Internal and External

Keep in mind that customer service is both an internal and external part of your organizational culture. What is said, discussed, and believed is a big part of what sets expectations and creates outcomes.

Ship it anyway, the customer won’t notice.

I can’t find their telephone number on their website.

They completely rearranged the supermarket again, now I can’t find anything.

Your voice may be more powerful than you realize. What people say, even to themselves sets the expectations for future outcomes.

Power of Voice

When we believe the customer won’t notice, we’ll allow our work to have less quality. Believing that they won’t notice also signals that they don’t care. The belief becomes that they will continue to buy out of need, buy based only on price, or buy because they are sloppy or not frugal.

Certainly, the idea of fewer customer service oriented calls conceptually saves money. It removes the human cost. Similar to the auto attendant signaling us to “press or say one for sales, two for…” so that we are directed to the correct department.

The real problem may be that people are calling only after the website or help chat has left them with unanswered questions or additional frustration. Better yet is the system that demands your customer number, order number, or telephone, only to get a live person and have to repeat it all again.

When technology drives better service, when the investment is expensive enough to make it better, not cheaper, typically service will improve. Unfortunately, many efforts to remove the human factor are an immediate attempt to cut costs, not improve service.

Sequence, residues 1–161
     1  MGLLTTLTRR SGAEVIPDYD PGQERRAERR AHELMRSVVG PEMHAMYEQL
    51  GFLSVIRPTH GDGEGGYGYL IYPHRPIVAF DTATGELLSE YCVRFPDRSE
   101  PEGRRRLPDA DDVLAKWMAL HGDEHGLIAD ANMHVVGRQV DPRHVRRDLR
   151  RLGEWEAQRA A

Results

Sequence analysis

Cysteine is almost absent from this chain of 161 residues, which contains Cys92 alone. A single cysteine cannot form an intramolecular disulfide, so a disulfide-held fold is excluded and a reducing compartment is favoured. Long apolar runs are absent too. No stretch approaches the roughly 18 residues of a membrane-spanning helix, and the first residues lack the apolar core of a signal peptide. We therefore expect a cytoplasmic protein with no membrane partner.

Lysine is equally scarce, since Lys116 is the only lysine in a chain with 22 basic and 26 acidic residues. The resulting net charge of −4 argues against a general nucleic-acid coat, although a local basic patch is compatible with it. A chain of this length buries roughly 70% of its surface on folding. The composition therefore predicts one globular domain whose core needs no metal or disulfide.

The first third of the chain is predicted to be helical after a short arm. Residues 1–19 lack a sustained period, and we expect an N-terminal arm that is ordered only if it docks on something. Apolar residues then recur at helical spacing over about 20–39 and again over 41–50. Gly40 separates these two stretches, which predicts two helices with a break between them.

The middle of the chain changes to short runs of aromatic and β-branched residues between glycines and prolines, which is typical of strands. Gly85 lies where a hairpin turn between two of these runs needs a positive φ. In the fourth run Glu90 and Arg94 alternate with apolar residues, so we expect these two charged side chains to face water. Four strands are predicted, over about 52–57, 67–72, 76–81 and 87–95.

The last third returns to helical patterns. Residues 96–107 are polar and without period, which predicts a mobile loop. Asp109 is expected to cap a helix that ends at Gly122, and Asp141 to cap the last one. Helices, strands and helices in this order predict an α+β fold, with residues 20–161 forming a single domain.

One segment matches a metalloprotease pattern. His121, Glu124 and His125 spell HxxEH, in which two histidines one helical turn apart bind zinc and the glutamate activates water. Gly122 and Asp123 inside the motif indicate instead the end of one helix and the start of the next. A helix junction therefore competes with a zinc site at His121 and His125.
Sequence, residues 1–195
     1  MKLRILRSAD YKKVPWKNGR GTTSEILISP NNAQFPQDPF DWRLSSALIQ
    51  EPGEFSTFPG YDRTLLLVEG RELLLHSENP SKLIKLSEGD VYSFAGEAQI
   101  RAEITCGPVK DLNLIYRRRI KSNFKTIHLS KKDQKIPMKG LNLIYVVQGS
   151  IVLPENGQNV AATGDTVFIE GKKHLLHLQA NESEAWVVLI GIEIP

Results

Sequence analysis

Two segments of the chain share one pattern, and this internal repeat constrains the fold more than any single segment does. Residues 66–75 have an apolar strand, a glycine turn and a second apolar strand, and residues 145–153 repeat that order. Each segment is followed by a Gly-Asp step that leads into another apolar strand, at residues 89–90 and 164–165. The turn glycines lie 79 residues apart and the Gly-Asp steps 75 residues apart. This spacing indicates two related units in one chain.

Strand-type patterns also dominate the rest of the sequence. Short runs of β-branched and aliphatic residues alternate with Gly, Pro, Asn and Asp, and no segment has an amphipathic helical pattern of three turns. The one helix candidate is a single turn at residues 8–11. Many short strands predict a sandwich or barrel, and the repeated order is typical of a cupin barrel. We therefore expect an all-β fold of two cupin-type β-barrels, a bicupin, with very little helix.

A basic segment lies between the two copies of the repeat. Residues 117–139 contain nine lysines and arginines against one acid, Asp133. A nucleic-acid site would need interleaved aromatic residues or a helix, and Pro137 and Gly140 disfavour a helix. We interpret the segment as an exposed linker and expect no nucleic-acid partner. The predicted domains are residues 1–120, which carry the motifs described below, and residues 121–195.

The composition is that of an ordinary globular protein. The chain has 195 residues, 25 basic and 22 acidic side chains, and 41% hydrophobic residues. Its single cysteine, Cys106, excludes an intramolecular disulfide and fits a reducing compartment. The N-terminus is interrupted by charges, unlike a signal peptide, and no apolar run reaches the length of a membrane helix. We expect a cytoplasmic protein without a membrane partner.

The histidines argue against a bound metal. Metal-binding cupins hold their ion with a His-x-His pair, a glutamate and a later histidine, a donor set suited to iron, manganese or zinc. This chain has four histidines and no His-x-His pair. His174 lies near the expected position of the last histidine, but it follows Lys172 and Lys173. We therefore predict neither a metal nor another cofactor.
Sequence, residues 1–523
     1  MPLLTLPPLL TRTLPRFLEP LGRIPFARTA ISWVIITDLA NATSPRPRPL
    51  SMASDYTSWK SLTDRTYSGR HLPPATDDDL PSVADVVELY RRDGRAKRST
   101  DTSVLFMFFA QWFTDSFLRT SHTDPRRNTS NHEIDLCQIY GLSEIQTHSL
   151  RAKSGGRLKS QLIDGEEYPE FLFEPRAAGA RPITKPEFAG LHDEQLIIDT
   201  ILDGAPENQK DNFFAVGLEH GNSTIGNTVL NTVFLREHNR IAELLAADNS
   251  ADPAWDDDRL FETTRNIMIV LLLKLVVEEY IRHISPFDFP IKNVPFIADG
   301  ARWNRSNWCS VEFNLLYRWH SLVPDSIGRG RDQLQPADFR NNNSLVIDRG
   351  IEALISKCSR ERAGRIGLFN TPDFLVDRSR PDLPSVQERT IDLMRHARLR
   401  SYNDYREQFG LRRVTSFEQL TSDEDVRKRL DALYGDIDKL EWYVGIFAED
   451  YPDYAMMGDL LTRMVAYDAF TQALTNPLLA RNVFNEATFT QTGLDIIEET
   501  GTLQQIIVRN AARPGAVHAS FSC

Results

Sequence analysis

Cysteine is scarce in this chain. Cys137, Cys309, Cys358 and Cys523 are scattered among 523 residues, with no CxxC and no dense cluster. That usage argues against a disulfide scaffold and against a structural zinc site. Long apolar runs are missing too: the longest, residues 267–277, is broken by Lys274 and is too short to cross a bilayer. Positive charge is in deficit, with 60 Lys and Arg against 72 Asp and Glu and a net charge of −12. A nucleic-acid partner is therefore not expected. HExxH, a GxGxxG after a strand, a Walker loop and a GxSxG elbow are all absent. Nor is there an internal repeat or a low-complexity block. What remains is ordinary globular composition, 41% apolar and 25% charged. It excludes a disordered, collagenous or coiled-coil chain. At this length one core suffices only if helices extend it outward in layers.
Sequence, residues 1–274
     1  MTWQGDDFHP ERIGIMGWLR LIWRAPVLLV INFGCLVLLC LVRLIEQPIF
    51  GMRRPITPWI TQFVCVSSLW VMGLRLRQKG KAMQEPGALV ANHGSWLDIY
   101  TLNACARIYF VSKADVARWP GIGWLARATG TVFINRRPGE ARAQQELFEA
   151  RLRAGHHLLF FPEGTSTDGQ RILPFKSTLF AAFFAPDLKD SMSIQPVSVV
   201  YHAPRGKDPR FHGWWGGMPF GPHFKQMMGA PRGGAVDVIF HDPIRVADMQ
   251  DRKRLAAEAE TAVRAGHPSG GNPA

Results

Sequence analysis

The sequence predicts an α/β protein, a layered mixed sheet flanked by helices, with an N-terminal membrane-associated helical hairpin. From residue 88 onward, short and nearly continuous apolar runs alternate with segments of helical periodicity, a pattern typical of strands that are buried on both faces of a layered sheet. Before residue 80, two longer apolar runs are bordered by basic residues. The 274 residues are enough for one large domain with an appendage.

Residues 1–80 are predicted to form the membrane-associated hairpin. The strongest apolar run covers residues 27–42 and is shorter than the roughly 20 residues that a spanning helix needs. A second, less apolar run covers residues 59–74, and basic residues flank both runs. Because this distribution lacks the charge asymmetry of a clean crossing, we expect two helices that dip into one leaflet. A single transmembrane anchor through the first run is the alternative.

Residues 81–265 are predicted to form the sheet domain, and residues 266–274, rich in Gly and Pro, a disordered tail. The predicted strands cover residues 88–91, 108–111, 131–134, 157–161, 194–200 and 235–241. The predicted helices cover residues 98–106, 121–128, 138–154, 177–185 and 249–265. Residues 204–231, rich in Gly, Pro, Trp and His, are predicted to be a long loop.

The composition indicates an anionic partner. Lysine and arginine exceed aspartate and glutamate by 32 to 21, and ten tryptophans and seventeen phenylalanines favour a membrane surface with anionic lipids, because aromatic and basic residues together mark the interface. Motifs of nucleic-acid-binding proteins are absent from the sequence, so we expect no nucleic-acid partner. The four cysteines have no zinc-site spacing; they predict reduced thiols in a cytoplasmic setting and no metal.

The supermarket may measure profit and margins by what shoppers select and where they can find it. Single piece candy bars aren’t in the back corner of the store, that is where the milk, meat, and seafood is located.

The store may not care about the amount of energy required for your shopping experience, but they certainly want you see all the high margin items you can conveniently buy from them. In contrast, the e-commerce store allows sort, filter, and easy reorder, plus it arrives at your door.

Customer Service Voice

What we say, what we discuss, and most importantly what we tell ourselves and others will condition our expectations. This is our customer service voice.

When we believe that cheap is all that matters, that is probably exactly what we’ll get.

Perhaps our customer service voice should change. It may require more talk about what we buy being connected with what it is worth, not just connected with what it costs.

These are the businesses that are focused on doing what matters, not what is cheap.

They are out there. Their employees and customers both have the same voice.

– DEG

Dennis E. Gilbert is a business consultant, speaker (CSPTM), and corporate trainer that specializes in helping businesses and individuals accelerate their leadership, their team, and their success. He is a five-time author and some of his work includes, #CustServ The Customer Service Culture, and Forgotten Respect, Navigating A Multigenerational Workforce. Reach him through his website at Dennis-Gilbert.com or by calling +1 646.546.5553.

Dennis Gilbert on Google+